December 26, 2013 at 8:44 am | Posted in Uncategorized | 12 Comments
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Tough love.

Tough love.

When I was three or four, Mum took me by surprise to our local hall.

The metal fold-up chairs had been swept aside.

In the resulting space, a man in a white coat stood by a table.

Beside him were two young women in blue.

Before them was a line of mothers and toddlers – most of whom were screaming.

As we joined the queue, I perceived the source of tension.

One by one, each mother proffered her offspring.

A woman in blue steadied it, bared its arm and turned it to the man in white.

He then produced a syringe – at which point toddlers behaved variously.

Writhing and shrieking were common.

These were met with tighter grips and imprecations – which began softly but rose in intensity (and fell in tenor) according to how long each infant held out.

Very few children took the suggestion to look away as the needle pierced their flesh.

The great majority stared aghast, attaining ever higher decibels.

Beyond the table, discharged combatants reeled and railed as if drunk.

Only the few who’d looked away seemed relatively calm.

My panic rose as we approached.

When firm hands pushed up my cardigan sleeve I fought to pull it down.

I was sure my mother’s hand-knitted love would protect me, if only I could keep it on.

But after three rounds of back and forth the hands turned hard and I was pinned.

Mum urged me to cooperate, arguing that the injection would save me from getting sick.

At the last moment I looked away and braced for agony.

To find that the build-up and spectacle were far worse than the pain.

On the way home, I began to worry.

What if Teddy were in the same danger of disease that I’d been?

The demise of my most precious possession and friend was unthinkable: I had to act.

Later that day I took a needle from Mum’s sewing basket.

It was terribly hard to hurt Teddy, but I thought it for the best.

After agonising for a long time, I immunised him via his left paw (the same side I’d been injected).

Looking at him now, 45 years later, I see eight pin holes.

Testament to my terror of losing him to maladies barely conceived.

Teddy was extraordinarily brave.

He never uttered a sound.

Our injections worked.

And we’re together yet.


Brought to you by The Feisty Empire.



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  1. Memories indeed!

    I think I was so scared that I didn’t notice the reactions of my school mates as we went through the process. But we all survived.

    And I’m very glad Teddy was brave and has lived a long, healthy life.

    • Thank you, Desolie. I’m very glad YOU made it. For blogging would be a much lonelier affair without your enduring support. Kind regards, P. 🙂

  2. I fainted!
    I can’t believe how thoughtless l was to not consider my precious ted’s survival – thank goodness he’s made of enduring stuff as well as love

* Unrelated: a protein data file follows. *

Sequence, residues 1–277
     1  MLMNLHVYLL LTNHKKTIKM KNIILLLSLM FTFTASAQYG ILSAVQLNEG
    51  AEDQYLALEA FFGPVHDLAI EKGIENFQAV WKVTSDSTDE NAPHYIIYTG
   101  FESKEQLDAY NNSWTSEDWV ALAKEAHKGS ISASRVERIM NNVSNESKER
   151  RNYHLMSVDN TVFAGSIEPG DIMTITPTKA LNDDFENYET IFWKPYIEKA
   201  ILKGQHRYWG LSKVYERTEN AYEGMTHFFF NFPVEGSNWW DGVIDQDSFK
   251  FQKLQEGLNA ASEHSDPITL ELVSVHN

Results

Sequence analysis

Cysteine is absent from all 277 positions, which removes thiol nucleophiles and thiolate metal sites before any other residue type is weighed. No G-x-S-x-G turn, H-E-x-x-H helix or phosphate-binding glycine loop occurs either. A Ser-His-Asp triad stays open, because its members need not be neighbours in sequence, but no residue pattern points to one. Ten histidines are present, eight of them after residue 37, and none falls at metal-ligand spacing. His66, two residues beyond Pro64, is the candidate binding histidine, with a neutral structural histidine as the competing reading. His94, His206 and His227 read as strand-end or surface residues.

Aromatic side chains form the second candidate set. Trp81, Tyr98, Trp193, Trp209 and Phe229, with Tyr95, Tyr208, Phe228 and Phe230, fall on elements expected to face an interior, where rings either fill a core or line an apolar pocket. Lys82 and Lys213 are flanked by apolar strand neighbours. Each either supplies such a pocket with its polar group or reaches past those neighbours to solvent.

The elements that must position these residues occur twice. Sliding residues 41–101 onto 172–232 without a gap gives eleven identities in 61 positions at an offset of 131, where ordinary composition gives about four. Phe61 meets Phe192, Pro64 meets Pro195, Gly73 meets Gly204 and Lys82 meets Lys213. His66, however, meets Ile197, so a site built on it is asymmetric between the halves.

Phew! 😉

    • Is that a fact, Linda?! From a dramatic perspective, I wish you’d been in my group! 😉 Thank you for sharing; it’s nice to know girls had teds too. Kindest regards, P. 🙂

  3. I can’t believe you remember that. My memory fails to go back that far, unfortunately. Loved the tale about you immunising Teddy, too. Thanks for bringing a smile to my face today.

    • I’m delighted your dropped by, Micky. I can see that brilliant smile from here! I enjoyed your possum xmas poem too. Kind regards, P. 🙂

  4. H’mmm, my reflection is that it was nowhere near as depressing or scary as that! Being a bit older than you Paul, probably means mass immunization was in its infancy when I had my first experience of it at primary school. We all lined up, rolled up our sleeves and shuffled past the doctor who used the same needle on each of us after waving it cursorily through a gas flame. However, mercifully, I don’t think I’ve been traumatized by the episode.

    • What a wonderfully grounding perspective, Winston! I now realise I was so caught up in my memory that I didn’t even consider the fate of an earlier generation. Your view has added great depth to this narrative. And the single syringe with the gas flame is an extremely powerful image. Thanks so much for sharing your experience. Kind regards, P. 🙂

  5. 🙂 Lovely story

  6. My main memory of vaccinations was the smell of the stuff they used to wipe your arm. They use something different now… not nearly as pungent. I’m just wondering why you had to stab teddy eight times? A bit excessive wasn’t it? 🙂

    • Hi, PP! That’s an evocative image you just conjured. Funny how smells can really stay with us. I agree my regime with Teddy was extreme. In addition to it being born of fear, I’m also a pragmatist. I wanted to cover all possible illnesses in one hit – before any struck. I’m also a bit obsessive-compulsive (which makes me a fabulous proofreader). I don’t know if my OCD were manifest at age three, but you never know. With kind regards and many thanks for your comment, P. 🙂

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